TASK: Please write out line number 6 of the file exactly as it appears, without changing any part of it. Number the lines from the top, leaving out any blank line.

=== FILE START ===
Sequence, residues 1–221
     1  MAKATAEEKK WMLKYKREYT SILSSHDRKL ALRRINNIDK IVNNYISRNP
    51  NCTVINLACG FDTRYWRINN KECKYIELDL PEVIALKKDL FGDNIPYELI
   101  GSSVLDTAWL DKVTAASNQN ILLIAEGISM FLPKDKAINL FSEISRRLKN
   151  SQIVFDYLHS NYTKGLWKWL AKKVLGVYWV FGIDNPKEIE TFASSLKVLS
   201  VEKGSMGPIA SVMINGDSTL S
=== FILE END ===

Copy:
   201  VEKGSMGPIA SVMINGDSTL S